The most important thing to do here, initially, is to identify if these cooked mushrooms come with garlic or onion – even a thin coating of those is enough to be toxic to your pet.
If this happens, contact your vet as soon as possible and follow the advice given to make sure your dog isn’t going to fall afoul of any untoward side effects or dangers.
Other flavorings and coatings for cooked mushrooms also need your close observation to look for any symptoms of illness in your pet – these include butter, cheese, and salt.
However, in the case of your dog eating cooked mushrooms free from any additives and flavorings, the main thing you as a dog owner are going to need to worry about is your pet suffering an upset stomach.
The structure of mushrooms makes it hard for your dog’s inner systems to break down, and it’s going to cause a lot of discomfort.
It’s likely that your dog might throw up after eating lots of mushrooms all at once, and for this reason, it’s advisable that your dog is kept topped up with fresh water and some comforting scratches behind the ear.
If your dog throws up for several days after this though, definitely communicate that to your vet, if only to receive some medicine that can help with this.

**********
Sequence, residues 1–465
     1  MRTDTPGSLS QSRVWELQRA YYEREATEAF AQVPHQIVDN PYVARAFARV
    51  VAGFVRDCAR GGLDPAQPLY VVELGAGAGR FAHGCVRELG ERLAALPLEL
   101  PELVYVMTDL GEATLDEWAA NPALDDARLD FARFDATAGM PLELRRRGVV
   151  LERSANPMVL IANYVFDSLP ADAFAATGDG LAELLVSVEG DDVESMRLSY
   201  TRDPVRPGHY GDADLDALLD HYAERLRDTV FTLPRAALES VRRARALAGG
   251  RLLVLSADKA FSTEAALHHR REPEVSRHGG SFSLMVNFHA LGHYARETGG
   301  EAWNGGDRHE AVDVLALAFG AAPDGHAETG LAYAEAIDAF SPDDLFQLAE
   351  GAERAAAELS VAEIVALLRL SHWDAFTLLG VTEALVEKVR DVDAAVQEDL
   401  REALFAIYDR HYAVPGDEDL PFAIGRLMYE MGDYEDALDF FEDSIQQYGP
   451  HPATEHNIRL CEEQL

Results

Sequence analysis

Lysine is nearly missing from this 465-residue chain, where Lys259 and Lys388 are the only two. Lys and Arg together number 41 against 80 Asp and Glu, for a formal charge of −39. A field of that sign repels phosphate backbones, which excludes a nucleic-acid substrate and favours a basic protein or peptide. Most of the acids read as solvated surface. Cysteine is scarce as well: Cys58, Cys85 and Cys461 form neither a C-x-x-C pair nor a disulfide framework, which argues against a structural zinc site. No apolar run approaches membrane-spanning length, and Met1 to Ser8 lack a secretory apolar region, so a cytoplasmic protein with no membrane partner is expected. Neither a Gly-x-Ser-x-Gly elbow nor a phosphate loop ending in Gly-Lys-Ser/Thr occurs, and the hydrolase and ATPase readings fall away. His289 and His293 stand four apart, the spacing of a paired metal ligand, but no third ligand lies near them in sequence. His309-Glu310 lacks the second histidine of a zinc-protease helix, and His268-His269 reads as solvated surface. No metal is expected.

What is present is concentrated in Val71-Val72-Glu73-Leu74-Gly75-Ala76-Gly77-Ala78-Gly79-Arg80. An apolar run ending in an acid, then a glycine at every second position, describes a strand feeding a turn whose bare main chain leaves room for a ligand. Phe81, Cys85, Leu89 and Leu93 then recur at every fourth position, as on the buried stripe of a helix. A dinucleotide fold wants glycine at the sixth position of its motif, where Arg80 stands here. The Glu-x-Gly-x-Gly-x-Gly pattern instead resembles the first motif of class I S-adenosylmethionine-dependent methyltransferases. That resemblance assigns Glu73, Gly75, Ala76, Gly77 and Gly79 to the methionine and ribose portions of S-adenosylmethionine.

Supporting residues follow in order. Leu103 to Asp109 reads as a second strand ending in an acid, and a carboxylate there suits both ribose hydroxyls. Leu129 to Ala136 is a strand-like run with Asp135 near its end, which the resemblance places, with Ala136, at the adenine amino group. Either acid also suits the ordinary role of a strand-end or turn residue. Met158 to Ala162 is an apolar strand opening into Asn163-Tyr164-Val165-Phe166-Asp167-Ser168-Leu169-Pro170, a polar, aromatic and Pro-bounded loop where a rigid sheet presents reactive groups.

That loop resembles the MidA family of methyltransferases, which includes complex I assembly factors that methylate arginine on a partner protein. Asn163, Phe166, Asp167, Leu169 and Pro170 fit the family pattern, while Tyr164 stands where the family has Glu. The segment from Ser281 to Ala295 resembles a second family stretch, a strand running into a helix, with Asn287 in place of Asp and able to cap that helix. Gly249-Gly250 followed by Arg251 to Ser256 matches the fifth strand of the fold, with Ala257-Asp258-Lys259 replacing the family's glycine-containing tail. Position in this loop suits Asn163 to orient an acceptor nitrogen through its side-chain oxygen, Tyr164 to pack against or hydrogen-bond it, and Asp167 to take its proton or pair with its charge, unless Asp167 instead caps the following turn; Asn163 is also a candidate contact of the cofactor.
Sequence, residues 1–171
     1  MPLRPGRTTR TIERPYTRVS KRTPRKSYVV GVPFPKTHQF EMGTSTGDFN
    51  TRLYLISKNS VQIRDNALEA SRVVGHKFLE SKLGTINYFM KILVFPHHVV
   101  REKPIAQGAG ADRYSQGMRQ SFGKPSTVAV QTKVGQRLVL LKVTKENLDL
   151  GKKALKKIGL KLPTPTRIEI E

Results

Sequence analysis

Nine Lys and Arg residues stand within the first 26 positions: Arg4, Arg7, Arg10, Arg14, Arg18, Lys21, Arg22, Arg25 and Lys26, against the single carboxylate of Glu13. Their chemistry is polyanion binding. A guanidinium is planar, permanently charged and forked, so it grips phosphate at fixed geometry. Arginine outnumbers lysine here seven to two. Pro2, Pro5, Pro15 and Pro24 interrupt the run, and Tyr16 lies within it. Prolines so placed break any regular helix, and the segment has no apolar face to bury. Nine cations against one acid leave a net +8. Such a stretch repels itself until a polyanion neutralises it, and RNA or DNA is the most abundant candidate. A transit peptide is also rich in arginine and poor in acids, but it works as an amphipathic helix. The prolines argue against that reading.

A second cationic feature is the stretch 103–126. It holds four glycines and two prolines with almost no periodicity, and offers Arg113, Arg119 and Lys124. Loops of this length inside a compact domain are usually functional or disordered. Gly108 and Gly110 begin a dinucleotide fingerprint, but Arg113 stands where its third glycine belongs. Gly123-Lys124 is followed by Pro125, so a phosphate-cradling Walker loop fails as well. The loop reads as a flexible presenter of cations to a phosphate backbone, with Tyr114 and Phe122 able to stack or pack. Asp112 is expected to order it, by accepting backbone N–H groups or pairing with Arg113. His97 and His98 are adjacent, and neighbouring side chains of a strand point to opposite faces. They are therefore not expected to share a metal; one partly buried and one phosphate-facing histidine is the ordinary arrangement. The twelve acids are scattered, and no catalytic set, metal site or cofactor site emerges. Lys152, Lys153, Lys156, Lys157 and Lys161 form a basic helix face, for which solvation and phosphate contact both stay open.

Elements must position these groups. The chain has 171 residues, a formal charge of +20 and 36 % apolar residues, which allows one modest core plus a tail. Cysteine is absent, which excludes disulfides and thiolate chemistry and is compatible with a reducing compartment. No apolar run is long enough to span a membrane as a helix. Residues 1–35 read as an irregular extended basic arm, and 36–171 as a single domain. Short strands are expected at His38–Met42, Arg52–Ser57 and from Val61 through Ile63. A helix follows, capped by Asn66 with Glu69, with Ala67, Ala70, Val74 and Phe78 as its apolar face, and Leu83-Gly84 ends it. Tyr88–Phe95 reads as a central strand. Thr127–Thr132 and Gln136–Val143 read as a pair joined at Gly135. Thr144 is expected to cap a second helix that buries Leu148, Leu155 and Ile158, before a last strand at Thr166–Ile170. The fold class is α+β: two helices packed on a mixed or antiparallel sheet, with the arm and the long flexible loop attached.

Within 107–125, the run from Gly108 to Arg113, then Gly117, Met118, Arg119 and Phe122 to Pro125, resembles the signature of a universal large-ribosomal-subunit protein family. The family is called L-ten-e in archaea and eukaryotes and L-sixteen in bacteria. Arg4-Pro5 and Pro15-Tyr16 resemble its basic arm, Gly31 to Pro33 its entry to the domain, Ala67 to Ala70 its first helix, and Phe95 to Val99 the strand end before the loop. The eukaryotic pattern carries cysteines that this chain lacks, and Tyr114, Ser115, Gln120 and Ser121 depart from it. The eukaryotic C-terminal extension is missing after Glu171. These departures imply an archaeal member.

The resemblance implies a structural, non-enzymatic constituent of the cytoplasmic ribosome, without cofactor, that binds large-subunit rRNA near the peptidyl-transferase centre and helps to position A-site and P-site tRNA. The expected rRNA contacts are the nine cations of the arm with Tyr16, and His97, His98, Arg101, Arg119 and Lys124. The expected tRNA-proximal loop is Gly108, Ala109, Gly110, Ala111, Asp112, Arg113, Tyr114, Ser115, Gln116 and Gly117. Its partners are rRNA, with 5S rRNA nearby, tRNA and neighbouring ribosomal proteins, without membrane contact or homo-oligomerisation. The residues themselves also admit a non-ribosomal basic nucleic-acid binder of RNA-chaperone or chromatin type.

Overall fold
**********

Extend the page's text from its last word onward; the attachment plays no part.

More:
However, it’s just as likely that your dog will instead get rid of the mushrooms through alternative means – so brace yourself for a grumpy, gassy pooch that needs a lot of time to head outside to the toilet.
By and large, this is going to be an issue that you need to address in terms of your pet’s behavior and knowledge of boundaries, rather than any immediate medical emergency.
Nonetheless, it bears repeating that cooked mushrooms aren’t really the kind of food that dogs ought to be tucking into, permission or no, unless it’s a spur of the moment treat.
Cooked mushrooms are the only kinds of mushrooms or toadstools that dogs can eat, although they won’t derive much nutritional value from doing so.
Dogs will happily eat cooked mushrooms if offered them though, not least since they’re often coated in the likes of butter, garlic, and other delicious goodness.
Unfortunately, that goodness is not so great for how your dog digests and enjoys food, and even plain cooked mushrooms are likely to cause stomach upsets too.
Keep this in mind and keep your dog’s eating of cooked mushrooms to a minimum – there are much tastier and appealing snacks for your pet to enjoy out there.
Emily started this blog out of pure passion. She LOVES her 3 dogs; Chew Barka, Cooper & Nelson, and spends countless hours every day playing with them.
When she’s not nerding out on dogs, you’ll find her on a snowboard or in the kitchen baking chocolate brownies.
She’s been featured in PetAware, Dogtime, and ModernDog.